Saturday, November 22, 2014

Synthpop Satori: Yaz We Can

Welcome to Saturday, and a fantastic anniversary special for your Synthpop satisfaction. I worked suitably hard on this one cuz it's one of my most favored live shows ever.
When I was 15 or 16, no single record moved me as much as the first by this tremendous duo of early pop-electronica, consisting of the founder of Depeche Mode and one of my favorite singers.
It is astonishing, 32 years after their advent, that so much of modern pop music carries so much of the DNA of what these two helped start. They reunited for a sold-out world tour a few years back, and released a live record showing they'd lost wholly none of their juice.
The name of this group is Yazoo (shortened to Yaz in North America to avoid conflict with another band then active in the US with that name), and when I was 16 there was no music I dug more.
Vince Clarke. What is there to say? This guy surely must be one of the most underrated pioneers, having started not one, not two, but three of the formative electronic bands ever (the third is Erasure). Listen to the first DM album... songs like New Life and Just Can't Get Enough almost distill the complete, living template of modern techno and synth/sequencer-driven pop music from whole cloth. At the least, VC skimmed the sugar off of the brew cooked up in the 1970s by various German bands like Kraftwerk and Neu!, crafting an almost pure, dramatic pop confection out of their innovations.
Had he just started that one band and quit right then, he'd still be considered a huge factor in the general arc of the development of this kind of music. But after he split Depeche Mode in 1981 (I think they survived just fine), he hooked up with super-soulful vocalist Alison Moyet and formed Yazoo, which arguably outclassed even that heavyweight group.
Alison Moyet, what a voice. Soul-pop divas of today like Adele ought to have to pay this woman a portion of their lucrative incomes, I mean it. The balance between the technological sounds of Clarke and the totally human, emotionally charged vocals of Moyet are what make this band one of the most revered of the 1980s, and their songs like little romantic movies. As a kid I felt totally swept away by the dramatic and melodic power of what these two were doing.
Studies have shown that the music you loved when you were 15 and 16 -- and your brain was just finishing maturing to the adult brain you'll use for the rest of your life -- impacts and imprints you in a way no other music does, and for me this band and this concert (which used to air all the time back in the early 1980s on WLIR-FM in NY) proves the point.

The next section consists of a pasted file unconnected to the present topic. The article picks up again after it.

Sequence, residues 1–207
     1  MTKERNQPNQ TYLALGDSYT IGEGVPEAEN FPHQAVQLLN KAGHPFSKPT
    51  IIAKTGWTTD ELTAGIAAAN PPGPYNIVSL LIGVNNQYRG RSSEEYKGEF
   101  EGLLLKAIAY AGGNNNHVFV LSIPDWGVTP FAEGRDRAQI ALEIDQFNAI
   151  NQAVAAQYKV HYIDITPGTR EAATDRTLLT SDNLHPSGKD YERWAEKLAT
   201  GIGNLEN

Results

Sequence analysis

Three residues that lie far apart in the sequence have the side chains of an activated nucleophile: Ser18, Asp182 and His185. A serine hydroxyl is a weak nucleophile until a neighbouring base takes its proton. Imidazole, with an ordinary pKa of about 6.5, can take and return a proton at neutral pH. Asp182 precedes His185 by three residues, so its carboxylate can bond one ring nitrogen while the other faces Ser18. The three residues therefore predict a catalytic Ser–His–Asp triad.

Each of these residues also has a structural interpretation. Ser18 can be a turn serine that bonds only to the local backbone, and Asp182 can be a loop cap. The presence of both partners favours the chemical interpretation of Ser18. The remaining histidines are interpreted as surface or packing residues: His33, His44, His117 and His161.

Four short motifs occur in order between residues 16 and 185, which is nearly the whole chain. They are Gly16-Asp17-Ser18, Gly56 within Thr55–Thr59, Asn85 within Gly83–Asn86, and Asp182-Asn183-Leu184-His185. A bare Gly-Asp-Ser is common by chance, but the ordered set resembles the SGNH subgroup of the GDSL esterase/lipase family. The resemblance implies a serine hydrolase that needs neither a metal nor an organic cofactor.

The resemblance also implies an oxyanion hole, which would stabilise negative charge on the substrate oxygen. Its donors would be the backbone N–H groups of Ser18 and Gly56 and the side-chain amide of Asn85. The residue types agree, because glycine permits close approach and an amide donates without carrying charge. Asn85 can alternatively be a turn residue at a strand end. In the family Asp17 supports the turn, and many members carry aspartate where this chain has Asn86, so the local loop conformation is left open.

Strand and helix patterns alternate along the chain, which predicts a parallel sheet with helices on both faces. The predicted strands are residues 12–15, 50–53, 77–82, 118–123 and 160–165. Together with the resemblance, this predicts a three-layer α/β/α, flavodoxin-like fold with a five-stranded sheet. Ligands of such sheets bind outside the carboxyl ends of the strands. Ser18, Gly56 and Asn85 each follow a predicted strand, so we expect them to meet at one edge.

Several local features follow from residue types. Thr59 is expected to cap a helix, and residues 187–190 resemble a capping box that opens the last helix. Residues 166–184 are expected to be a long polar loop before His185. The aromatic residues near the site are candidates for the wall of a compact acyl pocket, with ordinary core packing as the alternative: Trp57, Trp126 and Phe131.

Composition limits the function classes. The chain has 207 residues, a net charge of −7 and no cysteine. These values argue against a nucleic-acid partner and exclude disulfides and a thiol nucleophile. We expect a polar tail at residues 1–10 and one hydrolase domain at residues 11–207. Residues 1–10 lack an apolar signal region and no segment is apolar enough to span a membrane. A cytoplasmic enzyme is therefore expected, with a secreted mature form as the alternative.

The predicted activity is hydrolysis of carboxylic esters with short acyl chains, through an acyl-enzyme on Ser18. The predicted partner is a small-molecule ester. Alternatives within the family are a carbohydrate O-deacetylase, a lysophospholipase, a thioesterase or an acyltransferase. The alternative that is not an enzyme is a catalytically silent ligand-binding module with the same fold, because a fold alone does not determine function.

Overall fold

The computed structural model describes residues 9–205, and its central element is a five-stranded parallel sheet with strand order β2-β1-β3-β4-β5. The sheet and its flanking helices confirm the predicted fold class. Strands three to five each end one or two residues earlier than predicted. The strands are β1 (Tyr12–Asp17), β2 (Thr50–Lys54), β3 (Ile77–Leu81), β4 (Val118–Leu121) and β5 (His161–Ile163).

When I was that age, Upstairs At Eric's (their incredible debut) was never far from my cassette deck, and when I worked on this show yesterday it was hard to keep focused on the task at hand -- making this absolute gem sound as close to an official release as I could make it -- and not just dance around the room in a kind of adolescence-revisited dervish ecstasy.
I compared several different captures of this one to prepare a 32nd anniversary remaster of this devastating set. After I settled on one particular master cassette capture (which had to be speed adjusted to be in correct pitch) as the one to get the treatment, I completed the set with the song that was only part of the original broadcast, the B-side instrumental jam "Chinese Detectives". This was part of another capture that seemed like it had been worked on before (vestiges of Noise Reduction software were in evidence). 
I remastered this track to seamlessly match the rest, and straightened everything out with tags and a touch of Sound Forge 9 Graphic Dynamics sweetness to get it crisper than a fresh head of lettuce in the Berkeley Bowl produce section. I even went through it static click by static click, and cleaned it up meticulously for your auditory stimulation. What can I say? Call it the dedication (OK, obsession) of the young... or at least the formerly so.
Dominion Theatre
London, UK

01 Situation
02 Too Pieces
03 Goodbye Seventies
04 Winter Kills
05 Bad Connection
06 Tuesday
07 Bring Your Love Down (Didn't I)
08 Midnight
09 Chinese Detectives
10 In My Room
11 Don't Go
12 The Other Side of Love
13 Ode to Boy
14 Only You
15 Situation (12-inch version)

Total time: 55:04

Vince Clarke - synthesizers, keyboards, electronics and vocals
Alison Moyet - vocals

master FM cassette (Track 09 is from another master FM cassette capture), all remastered by yours truly
Now I think it's easily the best version of this incredible concert -- in which Vince Clarke essentially invents the template of modern Synthpop at his bank of gear (do I hear a Fairlight CMI?) whilst Alison Moyet sings the living shit out of the entire Upstairs At Eric's album and one cut that ended up on their second one, You and Me Both -- that I remember hearing as a teenager so many times and which meant so much to me growing up. I hope you feel the same and enjoy it as much as I have, 32 years to the day after it was recorded in London.--J.